An in-depth Analysis of the Side Hop Test in Patients 9 Months Following Anterior Cruciate Ligament Reconstruction
Urhausen AP. 1,2, Gette P. 3, Mouton C. 2,4, Seil R. 2,3,4, Cabri J. 2,5, Theisen D. 6
1 - NORWEGIAN SCHOOL OF SPORT SCIENCES, Department of Sports Medicine, Norway, Oslo
2 - LUXEMBOURG INSTITUTE OF RESEARCH IN ORTHOPEDICS, SPORTS MEDICINE AND SCIENCE, Luxembourg, Luxembourg
3 - LUXEMBOURG INSTITUTE OF HEALTH, Department of Population Health, Human Motion, Orthopaedics, Sports Medicine and Digital, Luxembourg, Luxembourg
4 - CENTRE HOSPITALIER DE LUXEMBOURG, Department of Orthopaedic Surgery, Luxembourg, Luxembourg
5 - VRIJE UNIVERSITEIT BRUSSEL, Faculty of Medicine, Department Gerontology, Belgium, Brussel
6 - ALAN – MALADIES RARES LUXEMBOURG, Luxembourg, Luxembourg
Purpose: The current criterion to evaluate 30-second side hop (SH) test performance following anterior cruciate ligament reconstruction (ACLR) is limited to the absolute number of jumps, neglecting the quality of execution. This study aims to assess the relevance of spatiotemporal and force plate derived parameters during the SH test.
Methods: Seventeen patients nine months post-surgery and 27 healthy controls were instructed to realize a maximal number of jumps during 30 seconds over a 40 cm-distance. Spatiotemporal and force plate derived variables were recorded from two force plates: number of jumps, flight time, contact time, jump distance, vertical impact force, average and instantaneous vertical loading rate. Group (patients and controls) by leg (non-operated/first tested and operated/second tested) interactions were tested using a mixed model analysis of variance.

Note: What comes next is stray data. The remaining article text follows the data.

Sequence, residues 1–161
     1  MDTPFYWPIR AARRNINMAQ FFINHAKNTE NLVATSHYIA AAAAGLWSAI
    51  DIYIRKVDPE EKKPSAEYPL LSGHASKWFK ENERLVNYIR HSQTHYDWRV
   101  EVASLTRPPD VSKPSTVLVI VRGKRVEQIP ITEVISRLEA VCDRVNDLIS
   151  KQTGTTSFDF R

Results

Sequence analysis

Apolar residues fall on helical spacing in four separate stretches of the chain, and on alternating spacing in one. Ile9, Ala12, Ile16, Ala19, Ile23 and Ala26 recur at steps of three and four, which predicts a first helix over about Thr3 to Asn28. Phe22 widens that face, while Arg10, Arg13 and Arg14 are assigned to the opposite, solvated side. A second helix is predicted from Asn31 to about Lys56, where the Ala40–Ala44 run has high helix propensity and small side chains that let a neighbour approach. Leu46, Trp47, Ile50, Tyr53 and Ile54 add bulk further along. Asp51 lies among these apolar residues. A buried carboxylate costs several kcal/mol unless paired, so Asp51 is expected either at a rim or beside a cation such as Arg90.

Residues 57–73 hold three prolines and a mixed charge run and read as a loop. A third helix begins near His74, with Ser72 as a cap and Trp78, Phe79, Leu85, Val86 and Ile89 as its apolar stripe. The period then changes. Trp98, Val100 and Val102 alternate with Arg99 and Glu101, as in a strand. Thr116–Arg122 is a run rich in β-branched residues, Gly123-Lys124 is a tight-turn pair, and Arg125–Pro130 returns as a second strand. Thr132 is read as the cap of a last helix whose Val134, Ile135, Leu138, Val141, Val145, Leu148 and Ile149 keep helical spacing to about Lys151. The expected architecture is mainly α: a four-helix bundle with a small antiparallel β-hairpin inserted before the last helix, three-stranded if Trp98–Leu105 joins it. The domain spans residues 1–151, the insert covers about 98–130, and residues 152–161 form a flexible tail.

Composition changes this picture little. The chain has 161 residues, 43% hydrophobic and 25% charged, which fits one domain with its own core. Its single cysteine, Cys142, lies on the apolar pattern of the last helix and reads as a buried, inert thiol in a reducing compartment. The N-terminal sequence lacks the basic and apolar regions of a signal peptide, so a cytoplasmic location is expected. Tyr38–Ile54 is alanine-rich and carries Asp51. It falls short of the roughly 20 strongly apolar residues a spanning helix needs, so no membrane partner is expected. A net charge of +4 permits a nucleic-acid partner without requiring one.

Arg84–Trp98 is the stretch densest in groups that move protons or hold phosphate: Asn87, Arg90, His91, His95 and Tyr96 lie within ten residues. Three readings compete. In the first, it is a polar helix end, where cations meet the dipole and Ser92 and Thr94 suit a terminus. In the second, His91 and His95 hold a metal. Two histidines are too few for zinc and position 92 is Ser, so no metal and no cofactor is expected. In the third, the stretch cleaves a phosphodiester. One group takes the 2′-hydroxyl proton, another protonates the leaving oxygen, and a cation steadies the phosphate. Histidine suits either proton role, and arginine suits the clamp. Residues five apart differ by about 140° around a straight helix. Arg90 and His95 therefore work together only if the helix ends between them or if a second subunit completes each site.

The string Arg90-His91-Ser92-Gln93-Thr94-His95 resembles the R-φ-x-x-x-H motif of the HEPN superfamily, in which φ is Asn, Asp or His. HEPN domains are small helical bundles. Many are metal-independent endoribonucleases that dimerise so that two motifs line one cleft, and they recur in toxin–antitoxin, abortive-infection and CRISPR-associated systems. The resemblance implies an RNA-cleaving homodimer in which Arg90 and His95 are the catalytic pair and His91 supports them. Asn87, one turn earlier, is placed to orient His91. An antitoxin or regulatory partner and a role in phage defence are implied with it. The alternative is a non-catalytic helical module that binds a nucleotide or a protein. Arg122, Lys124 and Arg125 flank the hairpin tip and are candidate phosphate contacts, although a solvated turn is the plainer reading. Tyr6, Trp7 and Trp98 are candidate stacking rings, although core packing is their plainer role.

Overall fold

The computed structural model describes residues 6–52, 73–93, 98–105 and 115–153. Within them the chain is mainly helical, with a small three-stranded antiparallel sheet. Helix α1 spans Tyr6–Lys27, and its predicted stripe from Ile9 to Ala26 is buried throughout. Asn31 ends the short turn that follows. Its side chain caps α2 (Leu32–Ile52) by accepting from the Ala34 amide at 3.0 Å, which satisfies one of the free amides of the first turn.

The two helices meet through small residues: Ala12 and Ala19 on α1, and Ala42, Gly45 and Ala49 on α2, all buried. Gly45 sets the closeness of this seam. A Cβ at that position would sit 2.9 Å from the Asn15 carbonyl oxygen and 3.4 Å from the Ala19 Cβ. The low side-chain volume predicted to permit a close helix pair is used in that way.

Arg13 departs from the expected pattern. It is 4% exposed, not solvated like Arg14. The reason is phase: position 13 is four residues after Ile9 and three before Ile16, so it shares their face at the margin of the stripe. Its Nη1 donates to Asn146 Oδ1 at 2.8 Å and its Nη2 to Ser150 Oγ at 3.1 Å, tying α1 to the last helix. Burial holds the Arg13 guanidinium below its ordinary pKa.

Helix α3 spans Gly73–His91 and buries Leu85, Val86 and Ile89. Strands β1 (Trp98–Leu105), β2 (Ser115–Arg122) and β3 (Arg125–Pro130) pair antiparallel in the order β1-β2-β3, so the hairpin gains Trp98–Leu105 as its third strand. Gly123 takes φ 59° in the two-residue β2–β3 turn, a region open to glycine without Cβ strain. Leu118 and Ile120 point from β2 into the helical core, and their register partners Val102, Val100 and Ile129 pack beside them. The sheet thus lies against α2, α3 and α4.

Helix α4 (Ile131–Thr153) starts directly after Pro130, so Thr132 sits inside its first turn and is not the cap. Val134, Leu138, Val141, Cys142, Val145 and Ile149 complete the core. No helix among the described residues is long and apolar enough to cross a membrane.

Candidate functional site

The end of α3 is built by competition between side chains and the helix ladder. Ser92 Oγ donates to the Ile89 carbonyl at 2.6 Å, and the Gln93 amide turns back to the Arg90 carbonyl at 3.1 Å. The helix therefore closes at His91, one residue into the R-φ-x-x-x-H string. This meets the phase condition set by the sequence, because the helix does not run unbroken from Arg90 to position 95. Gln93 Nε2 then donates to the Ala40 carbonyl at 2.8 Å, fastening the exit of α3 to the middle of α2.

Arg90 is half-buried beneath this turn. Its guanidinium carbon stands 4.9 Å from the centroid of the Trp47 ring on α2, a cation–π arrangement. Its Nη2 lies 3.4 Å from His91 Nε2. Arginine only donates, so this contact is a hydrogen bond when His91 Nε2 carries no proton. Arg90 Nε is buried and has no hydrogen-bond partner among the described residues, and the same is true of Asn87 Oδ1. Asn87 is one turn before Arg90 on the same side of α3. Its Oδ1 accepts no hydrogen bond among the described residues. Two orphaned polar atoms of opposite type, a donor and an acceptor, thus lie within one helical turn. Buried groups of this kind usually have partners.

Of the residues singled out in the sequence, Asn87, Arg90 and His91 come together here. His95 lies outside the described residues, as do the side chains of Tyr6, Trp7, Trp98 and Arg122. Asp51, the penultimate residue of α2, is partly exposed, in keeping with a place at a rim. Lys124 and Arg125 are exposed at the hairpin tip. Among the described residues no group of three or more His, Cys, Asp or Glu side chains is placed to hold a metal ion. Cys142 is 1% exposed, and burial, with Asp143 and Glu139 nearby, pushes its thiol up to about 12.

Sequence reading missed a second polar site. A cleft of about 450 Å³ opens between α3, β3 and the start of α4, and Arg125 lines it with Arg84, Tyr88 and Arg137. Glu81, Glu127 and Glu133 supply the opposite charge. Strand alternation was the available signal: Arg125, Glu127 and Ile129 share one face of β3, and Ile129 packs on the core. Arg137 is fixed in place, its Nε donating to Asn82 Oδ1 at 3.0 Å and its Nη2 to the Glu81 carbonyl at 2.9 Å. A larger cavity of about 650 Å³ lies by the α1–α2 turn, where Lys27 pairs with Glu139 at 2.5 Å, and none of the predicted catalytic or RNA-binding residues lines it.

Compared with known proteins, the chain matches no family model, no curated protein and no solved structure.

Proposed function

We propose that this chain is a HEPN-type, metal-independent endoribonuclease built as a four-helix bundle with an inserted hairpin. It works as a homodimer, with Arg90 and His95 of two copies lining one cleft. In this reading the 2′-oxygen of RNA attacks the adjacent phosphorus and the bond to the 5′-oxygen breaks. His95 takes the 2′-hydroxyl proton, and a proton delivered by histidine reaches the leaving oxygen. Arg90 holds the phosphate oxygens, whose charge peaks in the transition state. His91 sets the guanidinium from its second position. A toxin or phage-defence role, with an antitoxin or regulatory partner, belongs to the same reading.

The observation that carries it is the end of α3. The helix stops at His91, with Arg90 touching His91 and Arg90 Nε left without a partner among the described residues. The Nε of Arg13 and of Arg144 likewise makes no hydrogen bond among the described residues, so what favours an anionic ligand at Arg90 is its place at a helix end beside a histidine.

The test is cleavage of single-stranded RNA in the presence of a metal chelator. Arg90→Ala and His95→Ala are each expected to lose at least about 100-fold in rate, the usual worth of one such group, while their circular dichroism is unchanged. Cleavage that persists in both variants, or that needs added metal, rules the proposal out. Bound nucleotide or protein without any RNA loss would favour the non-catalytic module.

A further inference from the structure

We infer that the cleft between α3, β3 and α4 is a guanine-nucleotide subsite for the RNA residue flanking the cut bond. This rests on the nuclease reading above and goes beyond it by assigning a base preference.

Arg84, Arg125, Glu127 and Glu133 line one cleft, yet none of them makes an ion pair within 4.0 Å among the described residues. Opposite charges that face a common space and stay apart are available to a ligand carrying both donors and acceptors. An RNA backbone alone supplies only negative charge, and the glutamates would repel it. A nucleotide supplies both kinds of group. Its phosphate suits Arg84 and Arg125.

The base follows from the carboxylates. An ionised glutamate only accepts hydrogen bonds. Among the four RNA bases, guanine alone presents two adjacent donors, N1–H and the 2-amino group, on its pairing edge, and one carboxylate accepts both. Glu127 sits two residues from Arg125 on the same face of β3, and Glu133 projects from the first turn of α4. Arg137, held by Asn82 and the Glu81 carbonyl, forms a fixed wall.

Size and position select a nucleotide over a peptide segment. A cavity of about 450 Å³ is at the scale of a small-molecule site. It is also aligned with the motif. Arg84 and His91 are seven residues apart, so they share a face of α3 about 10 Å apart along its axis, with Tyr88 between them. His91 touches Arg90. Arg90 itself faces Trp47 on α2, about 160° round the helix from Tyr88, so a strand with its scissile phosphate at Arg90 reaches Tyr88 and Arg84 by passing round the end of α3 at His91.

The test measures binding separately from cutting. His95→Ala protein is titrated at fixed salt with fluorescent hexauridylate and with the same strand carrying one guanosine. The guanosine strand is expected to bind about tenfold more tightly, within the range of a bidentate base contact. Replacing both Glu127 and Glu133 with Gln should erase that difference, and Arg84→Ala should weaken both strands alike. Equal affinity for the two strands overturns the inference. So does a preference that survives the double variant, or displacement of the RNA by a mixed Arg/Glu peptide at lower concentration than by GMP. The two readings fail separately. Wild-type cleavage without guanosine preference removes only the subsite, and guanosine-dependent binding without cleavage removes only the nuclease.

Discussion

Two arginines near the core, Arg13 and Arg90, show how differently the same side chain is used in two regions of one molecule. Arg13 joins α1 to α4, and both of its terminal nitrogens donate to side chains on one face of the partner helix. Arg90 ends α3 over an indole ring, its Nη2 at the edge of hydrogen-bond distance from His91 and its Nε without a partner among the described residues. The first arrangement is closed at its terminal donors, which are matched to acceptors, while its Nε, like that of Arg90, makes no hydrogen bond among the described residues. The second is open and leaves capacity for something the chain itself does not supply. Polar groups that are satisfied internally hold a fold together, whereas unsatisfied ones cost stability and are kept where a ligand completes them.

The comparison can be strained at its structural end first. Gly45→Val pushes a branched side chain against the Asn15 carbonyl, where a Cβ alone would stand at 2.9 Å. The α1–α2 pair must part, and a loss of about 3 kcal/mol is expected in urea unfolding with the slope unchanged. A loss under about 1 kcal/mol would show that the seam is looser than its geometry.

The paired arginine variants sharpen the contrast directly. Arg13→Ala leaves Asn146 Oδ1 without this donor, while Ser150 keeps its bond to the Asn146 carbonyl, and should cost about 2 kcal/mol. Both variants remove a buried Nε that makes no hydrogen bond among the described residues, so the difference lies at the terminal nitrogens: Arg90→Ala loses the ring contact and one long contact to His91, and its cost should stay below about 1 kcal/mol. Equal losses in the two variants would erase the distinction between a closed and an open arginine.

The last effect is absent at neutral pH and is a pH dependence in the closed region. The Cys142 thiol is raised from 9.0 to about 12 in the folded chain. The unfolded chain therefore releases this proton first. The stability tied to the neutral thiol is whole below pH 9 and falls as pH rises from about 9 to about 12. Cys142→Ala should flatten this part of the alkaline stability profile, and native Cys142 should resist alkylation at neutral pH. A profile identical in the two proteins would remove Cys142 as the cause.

Results: Patients performed a similar number of jumps compared to controls. No differences were found for spatiotemporal and force plate derived parameters, neither for lateral nor medial jumps. High interindividual spread of impact peak forces existed in both groups.
Discussion: Patients 9 months following ACLR and successful rehabilitation can safely perform strenuous lateral hops similar to controls. Although the force plate derived parameters during the SH test were normalized compared to controls, impact peak forces outlined particularly high loading parameters in some participants. Applying biomechanical analysis in association to the commonly used clinical parameters helps to point out individual and potentially harmful loading strategies during the SH test.